Czech Republic: Wolves return after a century absence

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A hidden camera has captured an image of a wolf crossing a wooded clearing in the Czech Republic, a hundred years after the predator disappeared from the area, it's been reported.

There have been some signs near the town of Doksy suggesting a wolf may be in the region, Radio Prague reports. But wolves haven't roamed free in Bohemia since the late 19th Century.

Right now, there is probably just one wolf or maybe a pair, says environmental expert Miroslav Kutal. The animal is likely to have strayed into Bohemia from the border regions of Germany and Poland, where the wolf population has been thriving.

Written By: BBC News
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12 COMMENTS

  1. A little pebble of good environmental news in the daily avalanche of climate and environmental disaster. There’s nothing like seeing nature make a comeback. Now, if only we could get some wolves back in Olympic National Park, in my home state. The National Park has a mandate to do so, but it keeps getting blocked by local livestock owners and people who think Big Bad Wolves might rampage out of the forest and snatch little tykes right off the swingsets in the school playground. Wolves are making a natural comeback in most of the northwest – they’re migrating in from Canada and establishing packs, but we’ve got the manly men types who see them as vermin competing with them for their big game trophies, and they’re always trying to get wolves off the Endangered Species list in their states and even start killing them for bounties again.

    • In reply to #2 by Sue Blue:

      A little pebble of good environmental news in the daily avalanche of climate and environmental disaster. There’s nothing like seeing nature make a comeback. Now, if only we could get some wolves back in Olympic National Park, in my home state. The National Park has a mandate to do so, but it keep…
      Hello Sue Blue, I live on the Coast. OS?

  2. Beautiful creatures.

    I think I’m right in saying that unlike a hundred years ago it’s now understood that if left alone their numbers self correct and remain stable and they keep to themselves.

    It was myths about them which caused their slaughter apparently.

    • In reply to #3 by Stafford Gordon:

      Beautiful creatures.

      I think I’m right in saying that unlike a hundred years ago it’s now understood that if left alone their numbers self correct and remain stable and they keep to themselves.

      It was myths about them which caused their slaughter apparently.

      Unfortunately that does not appear to be the case or not what is understood by local farmers. They do do a tremendous amount of good but they will always need a massive amount of space without tasty lamb to be able to resist temptation. They are a vital part of a health eco system, sheep farming on alpine meadows isn’t.

      I’ve been surrounded by a 30 strong pack while dog sledding but I also live in a national park where the only sheep are wild and no one is counting them. With generations of shepherds in various parts of the almost or formerly wild world it’s always going to be a conflict. Various European and the US have culls in place.

  3. In reply to #4 by alaskansee:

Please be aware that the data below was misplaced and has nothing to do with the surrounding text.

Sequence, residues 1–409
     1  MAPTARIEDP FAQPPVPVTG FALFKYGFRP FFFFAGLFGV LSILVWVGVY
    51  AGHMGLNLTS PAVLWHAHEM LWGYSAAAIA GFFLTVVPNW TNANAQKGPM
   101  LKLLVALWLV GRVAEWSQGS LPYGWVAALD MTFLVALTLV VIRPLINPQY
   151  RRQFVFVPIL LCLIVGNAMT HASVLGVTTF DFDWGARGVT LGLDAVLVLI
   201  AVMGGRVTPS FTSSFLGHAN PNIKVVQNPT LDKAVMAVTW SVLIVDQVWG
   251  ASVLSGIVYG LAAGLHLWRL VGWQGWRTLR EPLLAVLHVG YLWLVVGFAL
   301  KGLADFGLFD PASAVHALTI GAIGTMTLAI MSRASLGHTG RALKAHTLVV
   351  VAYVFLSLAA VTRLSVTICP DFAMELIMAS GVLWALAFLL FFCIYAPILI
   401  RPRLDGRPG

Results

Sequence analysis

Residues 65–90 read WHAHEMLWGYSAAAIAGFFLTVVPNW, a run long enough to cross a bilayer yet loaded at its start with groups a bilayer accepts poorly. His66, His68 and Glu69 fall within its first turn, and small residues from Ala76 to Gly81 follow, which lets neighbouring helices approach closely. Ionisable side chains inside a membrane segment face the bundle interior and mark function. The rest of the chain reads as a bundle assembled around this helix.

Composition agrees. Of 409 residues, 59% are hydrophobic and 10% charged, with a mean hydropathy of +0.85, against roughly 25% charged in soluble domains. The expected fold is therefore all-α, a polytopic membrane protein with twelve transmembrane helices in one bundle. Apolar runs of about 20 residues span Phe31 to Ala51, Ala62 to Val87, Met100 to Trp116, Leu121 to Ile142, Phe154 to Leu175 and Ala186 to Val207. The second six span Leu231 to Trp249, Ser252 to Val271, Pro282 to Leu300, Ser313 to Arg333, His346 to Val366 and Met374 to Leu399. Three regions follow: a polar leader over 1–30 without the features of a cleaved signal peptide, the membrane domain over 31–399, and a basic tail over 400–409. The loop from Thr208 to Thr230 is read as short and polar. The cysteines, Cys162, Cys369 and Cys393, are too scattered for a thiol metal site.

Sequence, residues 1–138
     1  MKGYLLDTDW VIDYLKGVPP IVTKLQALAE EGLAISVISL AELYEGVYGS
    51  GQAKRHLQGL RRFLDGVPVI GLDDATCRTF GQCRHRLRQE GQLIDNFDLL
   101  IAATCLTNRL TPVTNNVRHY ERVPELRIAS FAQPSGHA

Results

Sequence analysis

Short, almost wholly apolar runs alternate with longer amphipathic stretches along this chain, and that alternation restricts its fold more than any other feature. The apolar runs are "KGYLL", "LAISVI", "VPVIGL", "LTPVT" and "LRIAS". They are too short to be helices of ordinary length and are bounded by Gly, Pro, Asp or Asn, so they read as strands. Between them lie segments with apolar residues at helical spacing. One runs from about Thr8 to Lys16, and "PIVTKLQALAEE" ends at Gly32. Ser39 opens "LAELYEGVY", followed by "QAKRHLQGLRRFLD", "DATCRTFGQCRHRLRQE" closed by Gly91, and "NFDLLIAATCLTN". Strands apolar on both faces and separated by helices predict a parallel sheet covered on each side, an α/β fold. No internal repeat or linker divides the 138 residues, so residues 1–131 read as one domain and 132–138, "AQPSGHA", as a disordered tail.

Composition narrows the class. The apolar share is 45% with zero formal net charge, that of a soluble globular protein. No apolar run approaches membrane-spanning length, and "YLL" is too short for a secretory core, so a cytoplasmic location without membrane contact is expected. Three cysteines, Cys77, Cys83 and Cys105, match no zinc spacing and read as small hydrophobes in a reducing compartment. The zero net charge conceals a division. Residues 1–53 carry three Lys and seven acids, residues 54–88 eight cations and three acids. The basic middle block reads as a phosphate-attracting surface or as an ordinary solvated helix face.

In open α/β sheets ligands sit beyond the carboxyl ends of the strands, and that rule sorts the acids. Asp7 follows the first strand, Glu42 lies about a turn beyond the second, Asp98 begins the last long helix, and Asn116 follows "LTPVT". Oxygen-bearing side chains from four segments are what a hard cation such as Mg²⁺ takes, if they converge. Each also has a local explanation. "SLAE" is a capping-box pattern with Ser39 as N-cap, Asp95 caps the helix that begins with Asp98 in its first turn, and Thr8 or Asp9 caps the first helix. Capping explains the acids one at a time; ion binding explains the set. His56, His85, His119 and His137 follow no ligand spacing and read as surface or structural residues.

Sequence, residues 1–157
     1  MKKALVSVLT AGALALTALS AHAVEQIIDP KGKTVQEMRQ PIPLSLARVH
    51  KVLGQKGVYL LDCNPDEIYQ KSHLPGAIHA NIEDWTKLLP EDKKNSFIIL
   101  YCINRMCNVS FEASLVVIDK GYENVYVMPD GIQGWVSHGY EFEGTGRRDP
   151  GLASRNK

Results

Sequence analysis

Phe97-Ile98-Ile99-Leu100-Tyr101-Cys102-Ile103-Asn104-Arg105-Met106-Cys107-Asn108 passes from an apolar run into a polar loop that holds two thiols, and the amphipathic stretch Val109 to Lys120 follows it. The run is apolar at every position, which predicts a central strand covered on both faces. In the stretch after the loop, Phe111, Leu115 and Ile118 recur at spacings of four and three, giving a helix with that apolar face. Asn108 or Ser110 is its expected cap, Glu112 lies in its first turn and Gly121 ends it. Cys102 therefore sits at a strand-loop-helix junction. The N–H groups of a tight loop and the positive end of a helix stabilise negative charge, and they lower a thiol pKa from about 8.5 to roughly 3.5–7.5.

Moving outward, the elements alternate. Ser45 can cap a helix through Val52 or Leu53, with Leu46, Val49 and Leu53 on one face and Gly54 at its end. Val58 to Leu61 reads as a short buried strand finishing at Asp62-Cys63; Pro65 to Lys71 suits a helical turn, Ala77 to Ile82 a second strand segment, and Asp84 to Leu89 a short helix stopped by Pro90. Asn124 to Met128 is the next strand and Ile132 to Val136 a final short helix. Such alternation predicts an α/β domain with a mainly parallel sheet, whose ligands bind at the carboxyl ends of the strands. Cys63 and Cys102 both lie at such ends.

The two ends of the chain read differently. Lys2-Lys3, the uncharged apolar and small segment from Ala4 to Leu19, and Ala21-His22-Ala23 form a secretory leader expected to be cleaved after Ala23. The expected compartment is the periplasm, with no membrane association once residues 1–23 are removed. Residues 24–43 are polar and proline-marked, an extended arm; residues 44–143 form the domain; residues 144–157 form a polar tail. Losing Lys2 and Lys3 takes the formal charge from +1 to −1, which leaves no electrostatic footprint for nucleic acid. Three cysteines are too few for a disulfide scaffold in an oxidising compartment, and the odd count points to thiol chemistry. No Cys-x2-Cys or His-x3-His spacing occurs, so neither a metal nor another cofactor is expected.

In reply to #3 by Stafford Gordon:

    Beautiful creatures.

    I think I’m right in saying that unlike a hundred years ago it’s now understood that if left alone their numbers self correct and remain stable and they keep to themselves.

    It was myths about them which caused their slaughter apparently.

    Un…

    You’re right of course, and the same applies to Badgers and cattle, the former having evolved naturally, the latter all bred by humans from the Oryx, but the poor old Badger has to be culled because it carries Tuberculosis, which transmits to cattle.

    The same applies to Foxes and poultry, the latter having all been bred from Red junglefowl. Deer and tree cultivation and Birds and cats all pose problems, and probably insuperable ones.

  4. I think there is a reason they have been wiped out over most of europe.
    I wouldnn’t want to see one death of a human to wild dogs. it’s just not worth the warm cozy feeling it gives to enviromentalists and I am one.

    • In reply to #6 by jjbircham:

      I think there is a reason they have been wiped out over most of europe.
      I wouldnn’t want to see one death of a human to wild dogs. it’s just not worth the warm cozy feeling it gives to enviromentalists and I am one.

      Google “wolf attack on humans”.Extremely rare. I live around Coyotes and Wolves. They don’t attack humans on a normal basis. If you want to wipe out everything that could pose a danger, you might want to move to the city. Much safer there right?
      If you want to be afraid of something in the wild, we should be afraid of Cougars.
      Wolves also prey on deer that graze on meadows that damage them. There is a report here at the Dawkins site somewhere where the wolves have contributed to the grasslands return.

  5. While it may be true that the core of Bohemia had been free of wolves for some decades, it does not apply to the Czech Republic and of course not to the former CSSR.
    I spent some rough but beautiful winters in the Tatra Mountains as a child during the 80ies, and there wore enough wolves and some occasional bears roaming around my uncles hut.

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